More on

Family Law

However, in this article we will set out the factors that influence how long it will take to obtain a Grant of Probate and to administer an estate in Victoria.

The basics

First things first: what is a Grant of Probate? A Grant of Probate is effectively a document issued by the Supreme Court of Victoria which formally authorises an executor to manage the estate of a deceased person in accordance with their Will. Without Probate, the asset holders (say a bank or share registry) cannot be satisfied as who has the correct authority to receive the deceased's assets and may refuse to pay out.

Sometimes, for smaller estates or if assets are mostly jointly owned with a surviving spouse, asset holders might agree to release payment without requiring a Grant of Probate. This is usually on the basis that the person who receives payment promises to repay (or Indemnify) the asset holder if it turns out they paid to the wrong person.

If there is no Will, then you cannot obtain a Grant of Probate. Instead you obtain Letters of Administration. This is effectively the same, in terms of authorising someone to administer the estate, and would usually be obtained by the person who is the closest next-of-kin to the deceased.

“A Grant of Probate is effectively a document issued by the Supreme Court of Victoria which formally authorises an executor to manage the estate of a deceased person in accordance with their Will.”

Timeframes for Probate in Victoria

In order to obtain a Grant of Probate, the Supreme Court needs to be given information about the assets and liabilities of the estate, the deceased person, the witnesses to the Will, the executors and the Will itself. An advertisement of your intention to apply for Probate must also be published on the Supreme Court website for at least 14 days prior to any application being lodged.

Often, making enquires to obtain all the necessary information can take a number of weeks. Also, you will need the Death Certificate for the application for Grant of Probate and possibly for making proper enquires regarding the assets and liabilities. Waiting for the Death Certificate to issue can therefore add a few more weeks to the process. Overall, if you have your application for Grant of Probate lodged within 1 to 2 months from the date of death, you are making timely progress.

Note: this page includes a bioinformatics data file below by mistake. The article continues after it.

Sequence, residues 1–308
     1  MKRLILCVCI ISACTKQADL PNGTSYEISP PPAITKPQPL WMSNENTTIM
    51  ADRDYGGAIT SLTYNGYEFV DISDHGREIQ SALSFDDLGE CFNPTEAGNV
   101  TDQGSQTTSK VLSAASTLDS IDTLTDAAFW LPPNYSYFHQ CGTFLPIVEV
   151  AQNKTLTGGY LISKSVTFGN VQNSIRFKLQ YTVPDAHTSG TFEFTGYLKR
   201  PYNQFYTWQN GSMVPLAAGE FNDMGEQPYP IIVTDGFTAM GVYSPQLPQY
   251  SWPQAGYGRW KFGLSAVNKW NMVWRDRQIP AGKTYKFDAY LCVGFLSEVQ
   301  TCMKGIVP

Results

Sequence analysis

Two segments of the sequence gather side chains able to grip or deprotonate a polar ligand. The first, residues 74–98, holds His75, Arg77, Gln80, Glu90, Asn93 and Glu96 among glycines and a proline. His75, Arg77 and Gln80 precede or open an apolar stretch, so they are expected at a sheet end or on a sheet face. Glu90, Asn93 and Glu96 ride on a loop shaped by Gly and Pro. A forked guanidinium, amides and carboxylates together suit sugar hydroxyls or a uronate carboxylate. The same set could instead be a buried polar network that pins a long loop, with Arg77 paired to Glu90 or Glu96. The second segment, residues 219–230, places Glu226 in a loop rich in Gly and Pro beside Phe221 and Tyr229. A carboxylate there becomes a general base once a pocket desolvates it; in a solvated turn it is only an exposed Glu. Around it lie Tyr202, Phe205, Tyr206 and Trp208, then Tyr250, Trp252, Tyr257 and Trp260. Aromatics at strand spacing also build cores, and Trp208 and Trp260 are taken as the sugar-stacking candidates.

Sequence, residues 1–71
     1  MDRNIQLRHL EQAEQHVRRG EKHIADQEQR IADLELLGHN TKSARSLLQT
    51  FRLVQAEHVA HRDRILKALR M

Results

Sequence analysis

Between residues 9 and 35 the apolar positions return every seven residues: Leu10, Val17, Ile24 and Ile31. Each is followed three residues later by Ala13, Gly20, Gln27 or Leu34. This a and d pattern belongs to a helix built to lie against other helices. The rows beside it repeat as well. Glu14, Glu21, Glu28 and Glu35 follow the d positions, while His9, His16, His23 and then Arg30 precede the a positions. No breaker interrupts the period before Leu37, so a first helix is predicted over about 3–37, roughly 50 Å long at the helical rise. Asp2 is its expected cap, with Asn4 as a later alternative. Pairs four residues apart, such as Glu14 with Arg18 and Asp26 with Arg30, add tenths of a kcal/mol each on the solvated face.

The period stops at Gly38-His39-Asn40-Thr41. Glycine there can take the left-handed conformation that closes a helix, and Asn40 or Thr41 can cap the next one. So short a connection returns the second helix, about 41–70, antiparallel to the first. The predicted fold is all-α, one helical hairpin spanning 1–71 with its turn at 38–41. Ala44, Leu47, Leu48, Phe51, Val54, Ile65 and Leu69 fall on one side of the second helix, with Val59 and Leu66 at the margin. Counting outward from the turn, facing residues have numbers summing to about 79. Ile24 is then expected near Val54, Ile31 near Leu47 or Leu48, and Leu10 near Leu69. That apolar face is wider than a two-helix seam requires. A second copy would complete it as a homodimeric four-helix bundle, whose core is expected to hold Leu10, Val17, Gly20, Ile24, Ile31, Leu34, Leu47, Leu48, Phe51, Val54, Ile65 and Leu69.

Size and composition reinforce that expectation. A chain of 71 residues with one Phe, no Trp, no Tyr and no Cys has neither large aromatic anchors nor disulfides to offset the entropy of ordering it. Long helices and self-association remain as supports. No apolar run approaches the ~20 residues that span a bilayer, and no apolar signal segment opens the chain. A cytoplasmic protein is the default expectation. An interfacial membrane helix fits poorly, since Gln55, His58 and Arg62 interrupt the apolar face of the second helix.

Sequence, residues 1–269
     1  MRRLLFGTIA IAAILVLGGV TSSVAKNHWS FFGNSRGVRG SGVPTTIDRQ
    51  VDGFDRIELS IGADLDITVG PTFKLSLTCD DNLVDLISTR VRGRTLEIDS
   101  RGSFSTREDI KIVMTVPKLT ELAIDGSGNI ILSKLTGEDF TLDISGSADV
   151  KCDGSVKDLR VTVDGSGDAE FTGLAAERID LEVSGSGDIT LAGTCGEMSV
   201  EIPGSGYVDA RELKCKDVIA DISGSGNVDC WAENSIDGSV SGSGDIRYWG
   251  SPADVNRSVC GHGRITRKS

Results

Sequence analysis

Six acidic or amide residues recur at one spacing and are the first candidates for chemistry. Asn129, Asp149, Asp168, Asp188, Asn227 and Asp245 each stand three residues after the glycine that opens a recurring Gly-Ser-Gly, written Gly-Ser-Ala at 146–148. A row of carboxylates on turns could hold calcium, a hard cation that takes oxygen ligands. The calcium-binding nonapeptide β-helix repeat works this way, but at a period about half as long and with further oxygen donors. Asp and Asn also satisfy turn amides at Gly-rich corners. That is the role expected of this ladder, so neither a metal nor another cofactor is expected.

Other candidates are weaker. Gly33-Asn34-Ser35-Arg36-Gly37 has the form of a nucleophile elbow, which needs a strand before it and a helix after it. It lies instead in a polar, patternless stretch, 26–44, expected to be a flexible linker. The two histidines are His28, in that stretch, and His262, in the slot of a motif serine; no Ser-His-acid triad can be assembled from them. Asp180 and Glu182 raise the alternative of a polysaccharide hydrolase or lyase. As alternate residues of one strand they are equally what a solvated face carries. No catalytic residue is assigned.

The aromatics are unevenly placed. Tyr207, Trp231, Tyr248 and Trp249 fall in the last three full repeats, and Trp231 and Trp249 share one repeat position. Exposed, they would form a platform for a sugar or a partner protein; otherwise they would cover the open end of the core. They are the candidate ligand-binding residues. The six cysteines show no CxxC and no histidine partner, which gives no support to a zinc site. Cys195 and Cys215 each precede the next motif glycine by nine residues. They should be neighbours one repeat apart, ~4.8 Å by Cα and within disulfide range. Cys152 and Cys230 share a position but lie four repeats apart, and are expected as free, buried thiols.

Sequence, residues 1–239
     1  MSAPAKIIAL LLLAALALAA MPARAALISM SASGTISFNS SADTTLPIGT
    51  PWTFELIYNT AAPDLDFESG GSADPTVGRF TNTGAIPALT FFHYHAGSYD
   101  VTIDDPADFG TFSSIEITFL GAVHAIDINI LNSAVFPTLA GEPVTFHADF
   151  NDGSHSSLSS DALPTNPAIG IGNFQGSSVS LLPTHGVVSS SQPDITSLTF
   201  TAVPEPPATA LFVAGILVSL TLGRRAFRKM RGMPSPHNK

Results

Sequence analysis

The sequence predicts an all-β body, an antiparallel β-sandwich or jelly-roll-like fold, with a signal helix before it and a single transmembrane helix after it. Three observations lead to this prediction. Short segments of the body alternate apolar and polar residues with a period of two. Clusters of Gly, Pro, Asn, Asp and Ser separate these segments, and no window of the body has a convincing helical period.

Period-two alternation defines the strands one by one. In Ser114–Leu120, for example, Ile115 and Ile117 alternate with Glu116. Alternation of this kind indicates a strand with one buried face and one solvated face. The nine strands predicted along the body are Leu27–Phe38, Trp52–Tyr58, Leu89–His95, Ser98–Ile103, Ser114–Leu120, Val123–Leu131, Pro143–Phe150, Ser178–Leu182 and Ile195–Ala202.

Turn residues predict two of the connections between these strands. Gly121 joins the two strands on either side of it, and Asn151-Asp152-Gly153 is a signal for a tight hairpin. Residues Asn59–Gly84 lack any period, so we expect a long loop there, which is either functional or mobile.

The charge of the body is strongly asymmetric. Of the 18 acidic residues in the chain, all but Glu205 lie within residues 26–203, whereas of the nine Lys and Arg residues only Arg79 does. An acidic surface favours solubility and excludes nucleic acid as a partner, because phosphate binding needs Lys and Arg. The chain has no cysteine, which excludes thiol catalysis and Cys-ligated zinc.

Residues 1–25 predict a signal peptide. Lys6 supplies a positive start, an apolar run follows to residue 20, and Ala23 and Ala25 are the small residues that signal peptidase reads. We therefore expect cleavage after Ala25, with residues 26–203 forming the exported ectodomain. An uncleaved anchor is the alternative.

The Court itself usually does not take long to process the application (maybe another 1 to 2 weeks) and this is completed using the electronic Supreme Court filing system. This means you do not have to go to a Court hearing. The timeframe for processing applications for Letters of Administration is even less, given that there is no Will document for the Court to consider. There is also a general discretion for the Court to raise a 'Requisition' asking for more information before they review the application - this can sometimes delay matters.

“Overall, if you have your application for Grant of Probate lodged within 1 to 2 months from the date of death, you are making timely progress.”

So, here we are a few months after death and you finally have a Grant of Probate or Letters of Administration. It is important to remember that this is the start of the estate administration and not the end. For a very simple estate, you might only need a further month or so to cash the assets and pay them to the correct beneficiaries. However, it can often be more complex than that. Factors that determine the timeframe to administer the estate include:-

  • Some assets will take time to cash or transfer. For example, if selling a property, final settlement might be 60/90/120 days from the day of sale.
  • There is a 6 month period for challenges to be brought against the estate and executors must wait until this period expires before distributing the estate, if there is any risk that a disgruntled family member might come forward.
  • There might need to be final tax returns for the deceased or for the estate. Failing to wait for the ATO to process these could leave the executor personally liable for a tax bill.
  • You might need to advertise for creditors to come forward and wait for a period of months while this advertising timeframe expires. This protects the executor if they are unsure of all of the deceased's financial dealings and creditors.
  • It might not always be a good time to immediately cash estate assets. For example, the shares just took a nose-dive, do you still sell regardless of available price?

There is a general rule that executors have an 'executor's year' to complete the estate administration. This means that you should be aiming to have the estate finalised and distributed within 12 months from the date of death.

The information contained in this article is intended to be of a general nature only and should not be relied upon as legal advice. Any legal matters should be discussed specifically with one of our lawyers.

Liability limited by a scheme approved under Professional Standards Legislation.

Need help with Probate?

Our expert legal team is ready to take your call!

Mitchell is the Managing Principal of Sharrock Pitman Legal. He is an Accredited Specialist in Commercial Law (accredited by the Law Institute of Victoria). He also deals with areas of Employment Law, Wills & Estate Planning and Probate and can answer all your questions related to probate.

For further information, contact Mitchell on his direct line:

DIRECT LINE: 
(03) 8561 3318

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For fifty years Sharrock Pitman Legal has made a significant and long term contribution to meeting the legal needs of business owners and residents in the City of Monash and greater Melbourne area.